Reduction in inventories to avoid recession

The economy is threatening to collapse, at least in export-dependent Germany. The key indicator of economic development for economists, gross domestic product, fell by 0.1% in the last quarter. Brexit is just around the corner and the trade conflicts between the USA and China are threatening to intensify. We also have a fairly reliable economic indicator in our consulting business: the rate of inventory reduction projects.

In recent years, practically since the economy emerged from the dip following the global economic crisis of 2008/2009, the goals of “increasing delivery readiness” and “automating planning and scheduling processes” have become increasingly important. The previously central goal of reducing the number of employees took a back seat to the other goals. The picture has been changing again for around nine months. We are increasingly being called in to systematically and sustainably reduce inventories. Most of our customers are still doing well, but they are already battening down the hatches in view of the impending economic storm.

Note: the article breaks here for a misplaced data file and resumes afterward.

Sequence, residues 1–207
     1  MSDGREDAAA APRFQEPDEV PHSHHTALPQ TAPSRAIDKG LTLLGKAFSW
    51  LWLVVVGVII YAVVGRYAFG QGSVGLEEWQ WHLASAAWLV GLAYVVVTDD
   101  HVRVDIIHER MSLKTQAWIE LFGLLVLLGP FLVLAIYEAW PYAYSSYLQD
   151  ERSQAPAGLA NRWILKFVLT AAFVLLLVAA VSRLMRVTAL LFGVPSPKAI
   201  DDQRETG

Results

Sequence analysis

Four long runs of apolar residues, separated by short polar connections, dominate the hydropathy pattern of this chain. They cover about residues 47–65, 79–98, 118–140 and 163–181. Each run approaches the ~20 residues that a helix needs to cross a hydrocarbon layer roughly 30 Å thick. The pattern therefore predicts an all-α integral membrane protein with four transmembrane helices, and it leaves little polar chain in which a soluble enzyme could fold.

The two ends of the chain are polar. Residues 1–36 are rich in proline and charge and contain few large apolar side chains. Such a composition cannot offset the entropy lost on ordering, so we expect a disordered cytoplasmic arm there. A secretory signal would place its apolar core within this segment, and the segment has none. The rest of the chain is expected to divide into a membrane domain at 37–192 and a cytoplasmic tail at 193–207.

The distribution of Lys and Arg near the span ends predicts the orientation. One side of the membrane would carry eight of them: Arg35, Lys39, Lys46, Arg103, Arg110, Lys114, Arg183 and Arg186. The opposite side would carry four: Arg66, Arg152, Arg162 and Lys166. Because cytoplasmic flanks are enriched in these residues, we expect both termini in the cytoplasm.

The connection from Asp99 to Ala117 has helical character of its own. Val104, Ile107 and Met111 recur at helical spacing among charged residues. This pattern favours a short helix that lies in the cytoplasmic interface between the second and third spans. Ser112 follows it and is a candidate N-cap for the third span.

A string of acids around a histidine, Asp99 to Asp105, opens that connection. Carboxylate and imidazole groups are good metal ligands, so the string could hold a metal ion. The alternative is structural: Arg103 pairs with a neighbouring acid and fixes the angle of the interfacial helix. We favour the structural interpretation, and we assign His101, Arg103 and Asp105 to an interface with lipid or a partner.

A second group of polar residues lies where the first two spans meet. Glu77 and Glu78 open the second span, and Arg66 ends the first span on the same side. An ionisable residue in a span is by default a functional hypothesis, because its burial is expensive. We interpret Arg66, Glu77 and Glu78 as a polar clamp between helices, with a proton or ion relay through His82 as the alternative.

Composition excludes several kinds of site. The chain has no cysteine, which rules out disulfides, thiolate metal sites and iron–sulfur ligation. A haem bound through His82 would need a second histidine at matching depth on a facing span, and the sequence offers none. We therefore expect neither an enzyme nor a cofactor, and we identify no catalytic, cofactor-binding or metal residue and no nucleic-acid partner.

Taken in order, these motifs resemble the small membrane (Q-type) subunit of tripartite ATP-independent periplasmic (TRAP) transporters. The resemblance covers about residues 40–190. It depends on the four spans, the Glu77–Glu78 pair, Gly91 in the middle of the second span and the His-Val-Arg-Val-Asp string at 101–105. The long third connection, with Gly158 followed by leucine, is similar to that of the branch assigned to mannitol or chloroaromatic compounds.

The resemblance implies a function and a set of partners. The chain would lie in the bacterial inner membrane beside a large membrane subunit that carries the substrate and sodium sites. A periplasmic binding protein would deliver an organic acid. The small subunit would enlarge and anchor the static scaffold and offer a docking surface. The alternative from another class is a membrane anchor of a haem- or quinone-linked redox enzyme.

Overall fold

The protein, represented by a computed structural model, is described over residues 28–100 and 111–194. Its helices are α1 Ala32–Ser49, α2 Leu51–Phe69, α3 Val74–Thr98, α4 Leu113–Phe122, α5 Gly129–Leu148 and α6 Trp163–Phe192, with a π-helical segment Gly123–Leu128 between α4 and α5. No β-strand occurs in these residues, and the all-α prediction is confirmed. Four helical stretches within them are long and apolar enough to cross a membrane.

That’s right, because tightly managed inventories in supply chains, as a study by Goldman Sachs shows, make a significant contribution to reducing economic cycles. A company that does not tie up unnecessary capital has more liquidity and can react more moderately than a company that is financially strapped because it has money tied up in inventory. Fast braking and fast acceleration not only lead to sudden traffic jams in heavy traffic on the highway, but also in our supply chains and thus in the entire economy.

Image rights: Gerd Altmann/

Picture of Prof. Dr. Andreas Kemmner

Prof. Dr. Andreas Kemmner

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